Subscribe to our free, weekly email newsletter!

U.S. is defaulting on credibility, but supply chain hangs tough

By Jeff Berman, Group News Editor
July 25, 2011

Sick of the talk and double-talk about the debt limit talks going on in Washington? Personally speaking, it is definitely starting to wear on me a little bit.

Seriously, look at the ongoing menu of rhetoric coming at us on this whether it is on TV, the Web or whatever that is filled with terms like: “signs of progress,” “baby steps,” “cautiously optimistic a deal will get done,” “both parties are coming up with separate plans” or “Wall Street is coming up with a backup plan” (gee, I feel better now-grin).

Isn’t it fair to say we have all been dealt a very tough hand in recent years—at least back to 2007 anyhow? In that time alone, we have seen enough negative things occur, that wondering when things will even come close to getting back to normal—whatever that may be—seems truly futile at times.

But regardless of the cards we are holding, we all have to make do with what we have got and look hard for a silver lining, no matter how hard it is to find at times like these.

To see the antics on display regarding the debt limit at the moment really makes the entire country look bad no matter which side you are on.

Looking at what could happen should the U.S. not be able to, you know, pay its bills is particularly difficult to contemplate, too. After all, it is not like the financial crisis of 2008 was that long ago.

We saw what that contributed to and caused and, as you know, it was not a pretty picture. Some of those after-effects are still playing out in the logistics and transport sectors on a daily basis, whether it is tight credit availability, constrained budgets, murky outlooks, or any other number of things.

But as has been the case in the past when a crisis arrives, it is hard to not see how these sectors are prepared and ready to adjust to a situation.

The business of moving freight, regardless of mode or locale, requires agility, speed, and smarts. During the time I have covered this space, it is easy to observe I have seen these things at work on myriad occasions.

These things can be seen in the form of taking a clear and defined path to sustainable supply chain practices (although there are many more steps to go), smart inventory planning, and route optimization and leveraging best practices where and when it matters most, among many others.

While economic uncertainty is everywhere, we all need to keep our eye on the ball. Even if our elected leaders in Washington are having a hard time connecting, it is clear that supply chain managers and logistics leaders are adjusting to difficult conditions and staying on base.

About the Author

Jeff Berman headshot
Jeff Berman
Group News Editor

Jeff Berman is Group News Editor for Logistics Management, Modern Materials Handling, and Supply Chain Management Review. Jeff works and lives in Cape Elizabeth, Maine, where he covers all aspects of the supply chain, logistics, freight transportation, and materials handling sectors on a daily basis. .(JavaScript must be enabled to view this email address).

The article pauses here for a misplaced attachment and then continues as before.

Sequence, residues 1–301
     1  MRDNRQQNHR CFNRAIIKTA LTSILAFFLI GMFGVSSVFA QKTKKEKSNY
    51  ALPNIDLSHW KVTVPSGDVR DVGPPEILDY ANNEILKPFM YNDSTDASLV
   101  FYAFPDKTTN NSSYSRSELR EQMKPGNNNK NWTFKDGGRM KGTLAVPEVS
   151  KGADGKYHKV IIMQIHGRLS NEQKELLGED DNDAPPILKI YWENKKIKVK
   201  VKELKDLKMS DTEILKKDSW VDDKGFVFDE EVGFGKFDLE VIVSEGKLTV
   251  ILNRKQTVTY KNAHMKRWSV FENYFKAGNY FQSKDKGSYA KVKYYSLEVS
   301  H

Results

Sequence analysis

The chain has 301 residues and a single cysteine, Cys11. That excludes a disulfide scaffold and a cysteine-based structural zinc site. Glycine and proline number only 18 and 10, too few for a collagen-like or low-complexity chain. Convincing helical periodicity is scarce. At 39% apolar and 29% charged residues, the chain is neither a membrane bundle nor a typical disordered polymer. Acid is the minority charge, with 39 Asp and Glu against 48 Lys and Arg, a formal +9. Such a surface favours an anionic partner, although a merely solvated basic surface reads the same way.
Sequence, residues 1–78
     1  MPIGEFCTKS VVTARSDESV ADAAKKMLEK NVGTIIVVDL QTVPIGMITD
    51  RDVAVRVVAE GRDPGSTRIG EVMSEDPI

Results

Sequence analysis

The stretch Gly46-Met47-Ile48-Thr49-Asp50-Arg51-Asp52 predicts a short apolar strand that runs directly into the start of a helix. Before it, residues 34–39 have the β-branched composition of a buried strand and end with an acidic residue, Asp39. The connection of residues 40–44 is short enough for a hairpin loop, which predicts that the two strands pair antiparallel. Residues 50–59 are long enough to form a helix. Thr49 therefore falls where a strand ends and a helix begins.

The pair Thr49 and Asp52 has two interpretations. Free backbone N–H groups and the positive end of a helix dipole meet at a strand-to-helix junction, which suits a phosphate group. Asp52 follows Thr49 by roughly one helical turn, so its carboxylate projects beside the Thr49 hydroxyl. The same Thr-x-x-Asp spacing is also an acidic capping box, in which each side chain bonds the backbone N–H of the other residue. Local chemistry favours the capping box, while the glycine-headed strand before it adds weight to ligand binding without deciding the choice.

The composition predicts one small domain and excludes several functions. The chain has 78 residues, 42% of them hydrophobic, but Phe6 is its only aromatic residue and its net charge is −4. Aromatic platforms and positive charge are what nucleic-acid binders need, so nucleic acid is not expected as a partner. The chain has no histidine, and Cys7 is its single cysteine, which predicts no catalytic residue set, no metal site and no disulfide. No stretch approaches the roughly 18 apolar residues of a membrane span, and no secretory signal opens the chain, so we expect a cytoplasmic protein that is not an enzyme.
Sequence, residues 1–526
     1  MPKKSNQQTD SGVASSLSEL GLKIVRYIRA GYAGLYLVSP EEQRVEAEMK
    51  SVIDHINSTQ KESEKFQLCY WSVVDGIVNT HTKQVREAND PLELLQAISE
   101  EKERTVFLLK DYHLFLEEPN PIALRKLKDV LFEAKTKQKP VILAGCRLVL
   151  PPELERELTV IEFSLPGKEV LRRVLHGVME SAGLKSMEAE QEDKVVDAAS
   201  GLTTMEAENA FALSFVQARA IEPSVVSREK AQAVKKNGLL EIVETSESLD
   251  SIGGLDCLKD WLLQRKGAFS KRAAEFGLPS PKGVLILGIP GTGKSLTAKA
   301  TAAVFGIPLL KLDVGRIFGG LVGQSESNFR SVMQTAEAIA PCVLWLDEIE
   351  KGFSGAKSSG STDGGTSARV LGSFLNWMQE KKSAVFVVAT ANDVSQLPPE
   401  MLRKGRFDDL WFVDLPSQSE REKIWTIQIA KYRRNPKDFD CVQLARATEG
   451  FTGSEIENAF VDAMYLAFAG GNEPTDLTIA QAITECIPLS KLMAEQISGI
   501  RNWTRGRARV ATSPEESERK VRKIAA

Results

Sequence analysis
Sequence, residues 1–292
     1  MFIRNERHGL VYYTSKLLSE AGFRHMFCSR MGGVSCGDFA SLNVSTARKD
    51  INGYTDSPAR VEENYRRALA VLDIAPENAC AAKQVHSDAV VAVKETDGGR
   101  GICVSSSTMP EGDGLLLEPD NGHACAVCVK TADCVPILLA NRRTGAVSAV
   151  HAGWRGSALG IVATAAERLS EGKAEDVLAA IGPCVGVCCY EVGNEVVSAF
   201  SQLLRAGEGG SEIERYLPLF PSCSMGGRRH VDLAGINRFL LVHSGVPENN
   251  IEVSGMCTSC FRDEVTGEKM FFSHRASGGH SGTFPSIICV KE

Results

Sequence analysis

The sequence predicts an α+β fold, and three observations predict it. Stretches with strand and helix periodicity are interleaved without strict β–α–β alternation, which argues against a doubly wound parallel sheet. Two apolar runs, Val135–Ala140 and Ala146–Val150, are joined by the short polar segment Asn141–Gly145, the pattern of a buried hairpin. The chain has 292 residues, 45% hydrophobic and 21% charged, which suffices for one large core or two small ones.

Subscribe to Logistics Management magazine

Subscribe today. It's FREE!
Get timely insider information that you can use to better manage your
entire logistics operation.
Start your FREE subscription today!

Recent Entries

Kurt Nagle, president and CEO of the American Association of Port Authorities recently voiced his endorsement of this trade legislation

While many auto executives expect more industry recalls in 2015 and 2016, just 8 percent use advanced predictive analytics to help prevent, prepare for, and manage recalls, according to a recent online poll from Deloitte.

Purolator white paper highlights common Canadian shipping mistakes. From failing to appreciate the complexity of the customs clearance process to not realizing that Canada recognizes both French and English as its official languages, U.S. businesses frequently misjudge the complexity of shipping to the Canadian market. This often results in mistakes - mistakes that can come with hefty penalties and border clearance delays, and that can result in lingering negative perceptions among Canadian consumers.

At a certain point, it seems like the ongoing truck driver shortage cannot get any worse, right? Well, think again, because of myriad reasons we could well be in the very early innings of a game that is, and continues, to be hard to watch. That was made clear in a report issued by the American Trucking Associations (ATA), entitled “Truck Driver Analysis 2015.”

Coming off of 2014, which in many ways is viewed as a banner year for freight, it appears that some tailwinds have firmly kicked in, as 2015 enters its official homestretch, according to Rosalyn Wilson, senior business analyst at Parsons, and author of the Council of Supply Chain Management Professionals (CSCMP) Annual State of Logistics (SOL) Report at last week’s CSCMP Annual Conference in San Diego. The SOL report is sponsored by Penske Logistics.


Post a comment
Commenting is not available in this channel entry.

© Copyright 2015 Peerless Media LLC, a division of EH Publishing, Inc • 111 Speen Street, Ste 200, Framingham, MA 01701 USA